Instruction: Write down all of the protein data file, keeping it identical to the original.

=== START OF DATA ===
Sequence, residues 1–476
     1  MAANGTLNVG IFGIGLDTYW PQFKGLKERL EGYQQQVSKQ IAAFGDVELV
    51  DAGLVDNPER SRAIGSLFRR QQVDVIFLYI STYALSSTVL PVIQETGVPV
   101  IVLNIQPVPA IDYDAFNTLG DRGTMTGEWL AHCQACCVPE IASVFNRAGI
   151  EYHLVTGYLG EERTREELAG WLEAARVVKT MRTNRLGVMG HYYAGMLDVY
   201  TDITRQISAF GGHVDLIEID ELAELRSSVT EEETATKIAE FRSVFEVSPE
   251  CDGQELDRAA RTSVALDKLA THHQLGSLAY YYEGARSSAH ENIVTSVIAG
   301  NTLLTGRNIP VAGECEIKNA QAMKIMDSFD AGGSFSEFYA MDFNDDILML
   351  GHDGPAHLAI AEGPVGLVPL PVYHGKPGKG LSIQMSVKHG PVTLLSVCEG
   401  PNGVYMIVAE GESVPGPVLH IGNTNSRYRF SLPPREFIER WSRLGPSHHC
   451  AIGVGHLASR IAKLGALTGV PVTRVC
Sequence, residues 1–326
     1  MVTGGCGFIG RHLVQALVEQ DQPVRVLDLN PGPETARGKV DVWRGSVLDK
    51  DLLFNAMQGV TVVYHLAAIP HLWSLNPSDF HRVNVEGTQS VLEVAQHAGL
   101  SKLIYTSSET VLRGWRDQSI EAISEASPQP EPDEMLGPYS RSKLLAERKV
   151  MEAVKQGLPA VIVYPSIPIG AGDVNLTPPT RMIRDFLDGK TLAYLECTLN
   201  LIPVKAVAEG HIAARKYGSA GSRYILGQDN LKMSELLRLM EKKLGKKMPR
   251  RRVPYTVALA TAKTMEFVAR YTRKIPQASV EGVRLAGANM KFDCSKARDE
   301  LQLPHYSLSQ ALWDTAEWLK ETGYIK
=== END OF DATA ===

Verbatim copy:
Sequence, residues 1–476
     1  MAANGTLNVG IFGIGLDTYW PQFKGLKERL EGYQQQVSKQ IAAFGDVELV
    51  DAGLVDNPER SRAIGSLFRR QQVDVIFLYI STYALSSTVL PVIQETGVPV
   101  IVLNIQPVPA IDYDAFNTLG DRGTMTGEWL AHCQACCVPE IASVFNRAGI
   151  EYHLVTGYLG EERTREELAG WLEAARVVKT MRTNRLGVMG HYYAGMLDVY
   201  TDITRQISAF GGHVDLIEID ELAELRSSVT EEETATKIAE FRSVFEVSPE
   251  CDGQELDRAA RTSVALDKLA THHQLGSLAY YYEGARSSAH ENIVTSVIAG
   301  NTLLTGRNIP VAGECEIKNA QAMKIMDSFD AGGSFSEFYA MDFNDDILML
   351  GHDGPAHLAI AEGPVGLVPL PVYHGKPGKG LSIQMSVKHG PVTLLSVCEG
   401  PNGVYMIVAE GESVPGPVLH IGNTNSRYRF SLPPREFIER WSRLGPSHHC
   451  AIGVGHLASR IAKLGALTGV PVTRVC
Sequence, residues 1–326
     1  MVTGGCGFIG RHLVQALVEQ DQPVRVLDLN PGPETARGKV DVWRGSVLDK
    51  DLLFNAMQGV TVVYHLAAIP HLWSLNPSDF HRVNVEGTQS VLEVAQHAGL
   101  SKLIYTSSET VLRGWRDQSI EAISEASPQP EPDEMLGPYS RSKLLAERKV
   151  MEAVKQGLPA VIVYPSIPIG AGDVNLTPPT RMIRDFLDGK TLAYLECTLN
   201  LIPVKAVAEG HIAARKYGSA GSRYILGQDN LKMSELLRLM EKKLGKKMPR
   251  RRVPYTVALA TAKTMEFVAR YTRKIPQASV EGVRLAGANM KFDCSKARDE
   301  LQLPHYSLSQ ALWDTAEWLK ETGYIK